E. coli and spinachIt's a bacterium with hundreds of harmless strains. One strain, though, identified in 1982—0157:H7—produces a toxin that can make you very sick. In fact, it's responsible for infecting 73,000 people each year and killing 81. It lives in the intestines of healthy animals, but the main source is cattle. Besides unsanitary slaughtering processes (which have greatly improved in recent years), the increased use of grain to feed cattle (corn fattens them up more quickly), has had negative effects on the animals' digestive systems, depriving them of needed fiber, nutrients, and microorganisms. Researchers have found that grain-fed diets promote E. coli in the digestive tracts of cattle, whereas grass-fed cattle are less likely to be vehicles of transmission (as Steve mentions in his article on organic food above). In fact, the vast majority of E. coli cases in this country occur after eating undercooked contaminated hamburger, though people can also get sick from contaminated lettuce, spinach, sprouts, and unpasteurized milk and juices, as well as from swimming in or drinking contaminated water.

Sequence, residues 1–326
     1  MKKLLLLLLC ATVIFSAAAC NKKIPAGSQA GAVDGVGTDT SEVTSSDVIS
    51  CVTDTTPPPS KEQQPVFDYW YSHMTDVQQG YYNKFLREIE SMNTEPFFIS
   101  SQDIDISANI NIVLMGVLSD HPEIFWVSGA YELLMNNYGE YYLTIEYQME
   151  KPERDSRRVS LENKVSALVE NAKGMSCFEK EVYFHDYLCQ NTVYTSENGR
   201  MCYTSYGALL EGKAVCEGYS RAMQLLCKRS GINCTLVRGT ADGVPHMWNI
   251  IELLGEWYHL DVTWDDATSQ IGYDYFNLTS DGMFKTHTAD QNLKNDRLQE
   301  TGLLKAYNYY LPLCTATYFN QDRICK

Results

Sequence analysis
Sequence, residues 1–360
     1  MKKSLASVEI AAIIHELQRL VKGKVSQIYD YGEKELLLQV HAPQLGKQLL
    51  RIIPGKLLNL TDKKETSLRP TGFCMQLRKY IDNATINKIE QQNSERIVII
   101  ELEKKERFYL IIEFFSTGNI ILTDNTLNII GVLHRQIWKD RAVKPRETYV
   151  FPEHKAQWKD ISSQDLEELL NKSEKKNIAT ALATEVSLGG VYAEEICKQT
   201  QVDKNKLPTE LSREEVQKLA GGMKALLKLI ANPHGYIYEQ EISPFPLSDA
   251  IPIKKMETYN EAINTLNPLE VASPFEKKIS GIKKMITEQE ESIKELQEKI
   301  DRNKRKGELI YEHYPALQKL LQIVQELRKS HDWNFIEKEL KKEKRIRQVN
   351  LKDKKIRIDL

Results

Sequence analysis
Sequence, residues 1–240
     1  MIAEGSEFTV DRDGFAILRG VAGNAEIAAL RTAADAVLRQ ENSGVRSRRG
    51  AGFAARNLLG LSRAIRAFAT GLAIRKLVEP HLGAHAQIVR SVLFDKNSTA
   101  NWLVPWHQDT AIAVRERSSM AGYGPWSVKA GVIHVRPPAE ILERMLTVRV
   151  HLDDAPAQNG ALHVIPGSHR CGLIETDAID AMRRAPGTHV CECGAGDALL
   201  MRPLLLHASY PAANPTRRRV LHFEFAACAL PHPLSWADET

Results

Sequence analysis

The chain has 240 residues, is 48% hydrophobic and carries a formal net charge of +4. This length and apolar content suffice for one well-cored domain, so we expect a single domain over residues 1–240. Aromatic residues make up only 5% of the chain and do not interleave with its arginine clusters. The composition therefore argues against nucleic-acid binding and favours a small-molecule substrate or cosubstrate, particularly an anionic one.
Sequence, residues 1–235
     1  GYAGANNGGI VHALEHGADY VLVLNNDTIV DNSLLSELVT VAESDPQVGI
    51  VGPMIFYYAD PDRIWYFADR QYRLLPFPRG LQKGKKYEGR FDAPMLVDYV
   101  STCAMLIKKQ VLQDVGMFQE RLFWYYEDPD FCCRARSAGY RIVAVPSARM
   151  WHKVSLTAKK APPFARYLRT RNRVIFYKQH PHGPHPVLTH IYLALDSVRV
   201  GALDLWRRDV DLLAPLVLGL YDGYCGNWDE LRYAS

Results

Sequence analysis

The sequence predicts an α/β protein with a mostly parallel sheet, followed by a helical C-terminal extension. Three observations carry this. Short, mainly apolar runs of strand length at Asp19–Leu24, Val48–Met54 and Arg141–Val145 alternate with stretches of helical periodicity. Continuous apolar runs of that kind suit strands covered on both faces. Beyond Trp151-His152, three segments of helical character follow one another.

On average, it takes about 3 to 4 days after being exposed to E. coli for a person to become sick. Symptoms include diarrhea, often bloody, and abdominal cramping, but most people get better without treatment in 5 to 10 days. Some, however (especially children under 5 and the elderly), develop HUS, a condition in which their red blood cells are destroyed and their kidneys fail. About 3 to 5 percent of HUS patients die.

If your symptoms are severe after eating ground beef, spinach, lettuce, or another known transmitter of E. coli, get to a health provider and have your stool tested. It's recommended that you not take antibiotics, as they will not improve your condition and some may even lead to kidney problems. You should also avoid antidiarrheal medicines, like Imodium.

It's not so hard to understand how eating a rare hamburger can get you sick. After all, E. coli lives in cow guts. But how in the world does it get into spinach?